The Mother's Resume

 Originally posted on 26/3/2017

The Mother's Resume - Striking the Balance in your come-back CV

There are many conflicting opinions about how to include or avoid information around “gaps” in your employment history. HR is cut-throat and it seems that many recruiters seem to lack the creativity and sense of humour to be able to look outside the box and see what someone who has been at home with children for a few years is able to bring to the workforce.

Most recruiters who have attempted to write on the subject or reply in the comments sections, put forward an argument that they don’t want a skills based only resume (One that summarises all your experience and qualifications rather than a traditional chronological style resume) because they think you are trying to “hide” your gaps. But then they argue that listing your role as a Stay-at-home-mother (SAHM) is petty and un-professional. These arguments alone have me not just wanting to go against the grain but to stand up and start a campaign against HR bias for parents!

In their defence, they have offered some alternatives… so until we see more open minded recruiters in the workforce who are willing to accept that Stay-at-home parents bring new skills, abilities (and super powers!) to the workforce, here are their recommendations for filling the supposed “gap” that you may have in your employment history.
  1. Be upfront – If you have a work history before you had children, be honest about where you have been “all this time”. You have been doing something amazing. You have been creating and molding the human beings of the future! This takes leadership, strength, time management, working under pressure and a total gamut of other skills. But recruiters want to see something along the lines of "For six years I was engaged full-time with parenting my children, but now that they are in school full-time I am eager to return to my career” within your professional summary to account for this time. This is also the place to summarise the skills you have gained from your parenting and your past experience.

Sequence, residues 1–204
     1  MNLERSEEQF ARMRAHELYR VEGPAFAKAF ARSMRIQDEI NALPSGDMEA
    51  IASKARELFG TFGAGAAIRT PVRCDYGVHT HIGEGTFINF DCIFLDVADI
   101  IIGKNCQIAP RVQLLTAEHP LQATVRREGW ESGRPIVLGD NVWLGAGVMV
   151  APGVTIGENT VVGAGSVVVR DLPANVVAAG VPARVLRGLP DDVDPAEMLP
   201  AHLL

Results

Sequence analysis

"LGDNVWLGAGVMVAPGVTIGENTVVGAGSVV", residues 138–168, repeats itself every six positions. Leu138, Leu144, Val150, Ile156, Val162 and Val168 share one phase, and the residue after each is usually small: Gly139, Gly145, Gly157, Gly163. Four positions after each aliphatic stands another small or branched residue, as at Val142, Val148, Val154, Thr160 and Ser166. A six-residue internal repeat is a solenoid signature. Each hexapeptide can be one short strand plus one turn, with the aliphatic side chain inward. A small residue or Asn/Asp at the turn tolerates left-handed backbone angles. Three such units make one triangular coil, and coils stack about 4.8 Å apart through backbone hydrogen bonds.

2. Leverage Experience from other areas – Most parents get engaged in some sort of work for their kids and household while they are staying at home with them. Think back and you will quickly be able to create a long list of everything that you have had to hold up at once. Have you helped run a playgroup, even if you were just on the roster? Have you created marketing material to advertise for community events? Have you advocated for a child’s health or special needs? Have you liaised with government departments to ensure access to needs or rights for you or your kids? These are all things that require skills that are attractive to the workforce. When you are creating a career summary you should really focus you attention on the skills that you used in these moments. Use the language of recruiters as they and their software will be looking for keywords and catchphrases.
  3. Create a Volunteer work section – Volunteers make up a huge sector of the workforce and are the reason many community groups, sports groups and support organisations exist. Most of them train their volunteers and provide them with high level skills that future employers look for and value, as it means they won’t have to put that time and money into you! Playgroup, sports teams, P&C and school canteen all provide opportunities for parents to grow their skills, based in a time-sensitive atmosphere that respects school hours and family needs. When you list them, describe the organisations aims and your roles and responsibilities within it. If you treated your role as a job then get the respect you deserve for it by describing it as such.